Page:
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To the Editor: We read the systematic review of tardive dyskinesia associated with second-generation antipsychotics by Christoph U. Correll, M.D. and colleagues (1) with interest in view of its importance in clinical management. We evaluated this article based on the guidelines prescribed in the Cochrane Collaboration Handbook (2) and the Jadad et al. score (3).
There are certain methodological shortcomings in this systematic review. First, only the MEDLINE database was searched for studies in this area. A thorough search of other databases, including studies published in nonindexed journals, could have yielded more studies. Second, the studies were not assessed for their methodological qualities, and no definitive criteria were used that are usually recommended as an integral part of a systematic review (2, 3). Only three of the 11 studies included were randomized, double-blind, controlled trials; the rest were open-label studies. Even among these three, one was a study involving demented patients. Third, the studies included had used different modes of drug administration (injectable/oral), comprised patients of different age extremes, and included patients who had illnesses such as dementia and Parkinson’s disease—all of which have a bearing on the development of tardive dyskinesia.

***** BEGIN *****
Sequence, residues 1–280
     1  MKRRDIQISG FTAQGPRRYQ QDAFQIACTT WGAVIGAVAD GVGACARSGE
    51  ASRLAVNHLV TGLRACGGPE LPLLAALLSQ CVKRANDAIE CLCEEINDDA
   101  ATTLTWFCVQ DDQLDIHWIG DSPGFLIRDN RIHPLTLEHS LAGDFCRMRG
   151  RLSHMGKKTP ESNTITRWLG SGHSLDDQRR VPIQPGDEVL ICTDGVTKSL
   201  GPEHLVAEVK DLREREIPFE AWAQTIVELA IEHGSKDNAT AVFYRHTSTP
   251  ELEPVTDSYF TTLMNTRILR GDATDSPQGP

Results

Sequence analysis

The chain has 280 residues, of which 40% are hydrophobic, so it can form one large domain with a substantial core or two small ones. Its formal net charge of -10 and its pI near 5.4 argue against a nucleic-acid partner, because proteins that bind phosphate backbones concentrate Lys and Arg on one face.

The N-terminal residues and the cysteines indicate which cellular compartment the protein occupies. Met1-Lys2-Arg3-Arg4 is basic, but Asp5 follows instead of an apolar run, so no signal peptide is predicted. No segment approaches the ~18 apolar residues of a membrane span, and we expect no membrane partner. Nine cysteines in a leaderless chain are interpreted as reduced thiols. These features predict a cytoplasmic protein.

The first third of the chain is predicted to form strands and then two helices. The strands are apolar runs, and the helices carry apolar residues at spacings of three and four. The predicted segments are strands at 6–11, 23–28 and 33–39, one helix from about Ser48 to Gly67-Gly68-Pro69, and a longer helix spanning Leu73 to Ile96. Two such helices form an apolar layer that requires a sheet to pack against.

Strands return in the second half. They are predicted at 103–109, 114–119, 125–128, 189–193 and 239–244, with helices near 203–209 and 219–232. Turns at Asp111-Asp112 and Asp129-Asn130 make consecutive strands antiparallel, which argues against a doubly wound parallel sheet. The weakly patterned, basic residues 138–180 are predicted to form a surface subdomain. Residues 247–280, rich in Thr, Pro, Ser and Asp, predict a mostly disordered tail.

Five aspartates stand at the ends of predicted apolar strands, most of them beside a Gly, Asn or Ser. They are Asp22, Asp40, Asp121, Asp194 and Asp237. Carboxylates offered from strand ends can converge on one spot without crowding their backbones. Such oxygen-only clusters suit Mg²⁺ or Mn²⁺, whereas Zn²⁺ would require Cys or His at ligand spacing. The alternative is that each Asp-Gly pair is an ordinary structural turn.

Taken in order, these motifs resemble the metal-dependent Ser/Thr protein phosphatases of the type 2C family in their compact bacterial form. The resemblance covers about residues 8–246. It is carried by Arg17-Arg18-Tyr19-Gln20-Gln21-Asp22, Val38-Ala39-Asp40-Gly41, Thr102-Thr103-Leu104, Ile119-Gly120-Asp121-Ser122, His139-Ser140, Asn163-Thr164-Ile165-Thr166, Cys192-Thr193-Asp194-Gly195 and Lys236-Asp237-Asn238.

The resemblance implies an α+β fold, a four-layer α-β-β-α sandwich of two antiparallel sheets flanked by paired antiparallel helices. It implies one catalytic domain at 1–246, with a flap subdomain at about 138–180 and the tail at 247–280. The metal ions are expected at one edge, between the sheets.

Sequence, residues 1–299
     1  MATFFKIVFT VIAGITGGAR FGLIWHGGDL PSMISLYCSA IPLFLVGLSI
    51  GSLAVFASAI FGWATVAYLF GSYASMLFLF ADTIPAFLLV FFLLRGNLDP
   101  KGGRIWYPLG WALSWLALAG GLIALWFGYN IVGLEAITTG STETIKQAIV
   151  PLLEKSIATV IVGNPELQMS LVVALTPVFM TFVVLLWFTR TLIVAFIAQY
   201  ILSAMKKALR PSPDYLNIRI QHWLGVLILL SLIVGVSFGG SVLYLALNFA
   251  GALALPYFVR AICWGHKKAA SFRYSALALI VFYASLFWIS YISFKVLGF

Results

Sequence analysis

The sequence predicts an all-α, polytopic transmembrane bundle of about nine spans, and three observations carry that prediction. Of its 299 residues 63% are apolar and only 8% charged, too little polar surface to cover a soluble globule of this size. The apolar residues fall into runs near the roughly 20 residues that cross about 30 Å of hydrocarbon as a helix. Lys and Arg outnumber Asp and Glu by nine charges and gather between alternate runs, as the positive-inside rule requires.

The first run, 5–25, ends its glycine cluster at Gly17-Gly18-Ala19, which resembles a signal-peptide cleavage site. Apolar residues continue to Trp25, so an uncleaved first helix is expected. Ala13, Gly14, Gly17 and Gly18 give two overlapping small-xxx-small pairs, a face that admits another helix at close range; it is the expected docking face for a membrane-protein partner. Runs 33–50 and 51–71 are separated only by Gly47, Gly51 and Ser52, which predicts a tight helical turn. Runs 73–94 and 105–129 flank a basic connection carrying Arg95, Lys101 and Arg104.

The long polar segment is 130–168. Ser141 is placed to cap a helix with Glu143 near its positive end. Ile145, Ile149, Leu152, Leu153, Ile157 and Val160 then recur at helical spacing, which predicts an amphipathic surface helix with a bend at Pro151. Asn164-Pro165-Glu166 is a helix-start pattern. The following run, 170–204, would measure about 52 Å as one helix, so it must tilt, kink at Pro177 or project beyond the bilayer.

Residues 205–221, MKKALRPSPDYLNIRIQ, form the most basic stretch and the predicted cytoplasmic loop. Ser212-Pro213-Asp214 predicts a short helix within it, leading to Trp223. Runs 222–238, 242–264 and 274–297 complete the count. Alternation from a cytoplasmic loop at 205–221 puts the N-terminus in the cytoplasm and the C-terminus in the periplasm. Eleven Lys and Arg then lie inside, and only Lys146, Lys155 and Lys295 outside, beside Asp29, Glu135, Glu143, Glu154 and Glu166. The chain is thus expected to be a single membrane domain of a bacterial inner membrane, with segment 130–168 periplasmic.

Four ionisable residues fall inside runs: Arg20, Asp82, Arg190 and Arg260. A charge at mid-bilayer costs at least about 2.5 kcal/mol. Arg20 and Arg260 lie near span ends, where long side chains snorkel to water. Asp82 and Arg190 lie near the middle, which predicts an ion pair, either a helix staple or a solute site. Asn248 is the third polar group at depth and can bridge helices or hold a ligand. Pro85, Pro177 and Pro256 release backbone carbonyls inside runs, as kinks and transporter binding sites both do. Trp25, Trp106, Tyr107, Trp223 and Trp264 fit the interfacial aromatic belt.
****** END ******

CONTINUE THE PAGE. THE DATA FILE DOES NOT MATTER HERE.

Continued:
The authors have acknowledged the limitations of the database with regard to the lack of studies with rigorous methodology on tardive dyskinesia. Hence, we feel that given the heterogeneity of the sample, it was inappropriate for the authors to have calculated the rates of tardive dyskinesia by combining results from the studies. Such calculation might result in a faulty assessment of the risk of tardive dyskinesia with second-generation antipsychotics.
These limitations make it difficult to interpret the results of the review. It is worth considering whether the authors could have written a narrative review instead of a systematic review of the available database.
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